Browse Prior Art Database

Hierarchical Fault Model Generation from a Design Database

IP.com Disclosure Number: IPCOM000111487D
Original Publication Date: 1994-Feb-01
Included in the Prior Art Database: 2005-Mar-26
Document File: 6 page(s) / 151K

Publishing Venue

IBM

Related People

Dibrino, M: AUTHOR [+3]

Abstract

Disclosed is a hierarchical fault model generation technique based on circuit design data stored in a design database.

This text was extracted from an ASCII text file.
This is the abbreviated version, containing approximately 34% of the total text.

Hierarchical Fault Model Generation from a Design Database

      Disclosed is a hierarchical fault model generation technique
based on circuit design data stored in a design database.

      Most circuit design systems available today use hierarchical
structure.  A circuit designer designs and simulates transistor level
circuits to produce basic books.  These basic design books are then
connected together to produce higher level structures.  In order to
generate appropriate fault models, it is necessary to develop a
technique to produce different level of fault models for test
generation purposes.

In this disclosure, a technique that generates hierarchical fault
models from a design database is described.

      Based on a design database, a program that scan through
schematics is used to generate a 'tree structure' describing the
following features of each book and each higher level macro:

1.  'Parent' and 'Child' of each book and each higher level macro.

2.  For each book (transistor level), and for the highest level
    macro, the input and output pins are identified.

An example output of tree structure is shown in Fig. 1.

                          Fig. 1

   Begin Tree.....

  NI3T2BTJ    (P)  NSL9T2CSJ

              (C)  $NO

              (I) B, B_, C, C_, R, A_, A, P_CHL_GND, RN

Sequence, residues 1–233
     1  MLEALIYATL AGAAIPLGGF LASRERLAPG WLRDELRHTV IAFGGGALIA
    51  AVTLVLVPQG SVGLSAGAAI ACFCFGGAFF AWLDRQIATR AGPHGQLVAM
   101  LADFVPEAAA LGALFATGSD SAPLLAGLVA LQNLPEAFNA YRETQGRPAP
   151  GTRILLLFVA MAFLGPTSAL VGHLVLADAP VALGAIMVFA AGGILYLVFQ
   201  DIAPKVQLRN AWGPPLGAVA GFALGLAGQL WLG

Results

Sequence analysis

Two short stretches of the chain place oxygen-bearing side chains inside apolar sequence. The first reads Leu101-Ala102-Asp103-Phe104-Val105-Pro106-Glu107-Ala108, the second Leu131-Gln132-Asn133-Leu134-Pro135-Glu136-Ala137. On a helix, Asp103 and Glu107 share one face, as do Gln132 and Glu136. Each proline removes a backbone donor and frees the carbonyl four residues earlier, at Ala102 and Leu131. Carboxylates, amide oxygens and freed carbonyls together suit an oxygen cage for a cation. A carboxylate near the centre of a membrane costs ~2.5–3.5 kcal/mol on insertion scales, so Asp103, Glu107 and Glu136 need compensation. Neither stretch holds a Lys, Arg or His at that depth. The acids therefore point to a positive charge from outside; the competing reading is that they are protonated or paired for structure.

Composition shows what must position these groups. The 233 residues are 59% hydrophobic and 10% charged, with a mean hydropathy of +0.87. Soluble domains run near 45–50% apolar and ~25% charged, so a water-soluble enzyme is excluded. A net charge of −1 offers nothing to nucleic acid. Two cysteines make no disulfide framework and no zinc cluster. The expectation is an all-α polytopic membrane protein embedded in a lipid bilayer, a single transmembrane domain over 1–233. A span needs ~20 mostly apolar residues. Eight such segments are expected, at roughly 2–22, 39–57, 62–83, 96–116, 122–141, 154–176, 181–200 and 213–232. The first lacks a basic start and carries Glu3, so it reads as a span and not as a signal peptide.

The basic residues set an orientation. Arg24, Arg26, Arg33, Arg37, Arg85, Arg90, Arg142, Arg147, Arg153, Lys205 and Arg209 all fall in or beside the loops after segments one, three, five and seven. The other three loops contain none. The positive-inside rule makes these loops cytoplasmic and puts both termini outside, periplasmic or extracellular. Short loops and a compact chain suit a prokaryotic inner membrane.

(O) SUM, SUM_, CARRY, CARRY_

  NSL9T2CSJ   (P)  NY7J

              (C)  NI3T2BTJ

  NY7J        (P)   $NO

              (C)  NSL9T2CSJ

            (I) R<0:3>, RN<0:3>, P_CHL_GND, PS8_<0:32>, PS8<0:32>,
PS7_<0:32>,

                PS7<0:32>, PS6_<0:32>, PS6<0:32>, PS5_<0:32>,
PS5<0:32>,

                PS4_<0:32>, PS4<0:32>, PS3_<0:32>, PS3<0:32>,
PS2_<0:32>,

                PS2<0:32>, PS1_<0:32>, PS1<0:32>, PS0_<0:32>,
PS0<0:32>, CN6_,

                CN6, CN5_, CN5, CN4_, CN4, CN3_, CN3, CN2_, CN2,
CN1_, CN1

            (O) SUM_<0:32>, SUM<0:32>, CARRY_<0:32>, CARRY<0:32>

   End Tree.....

      In the above example, there are three level of hierarchies.
Circuit NI3T2BTJ is the lowest level with 'parent' NSL9T2CSJ and no
'child'.  Circuit NSL9T2CSJ is the next level with 'parent' NY7J and
'child' NI3T2BTJ.  Circuit NY7J is the top level circuit with no
'parent' and with 'child' NSL9T2CSJ.

      For fault model generation purpose, a hierarchy Level Lists is
generated as shown in below:

  LA01: (NI3T2BTJ)

  LA05: (NSL9T2CSJ)

  LA10: (NY7J)

Based on this hierarchy, a node-indexing method is used to assign a
number to each input and output pin.

For example, the lowest level circuit NI3T2BTJ schematics has an
input /output list shown in Fig. 2.

                          Fig. 2

MODEL NI3T2BTJ(A- A_- B- B_- C- CARRY- CARRY_- C_- P_CHL_GND- R- RN-
SUM- SUM_- VDD-GND) * Generated from circuit NI3T2BTJ.

 ...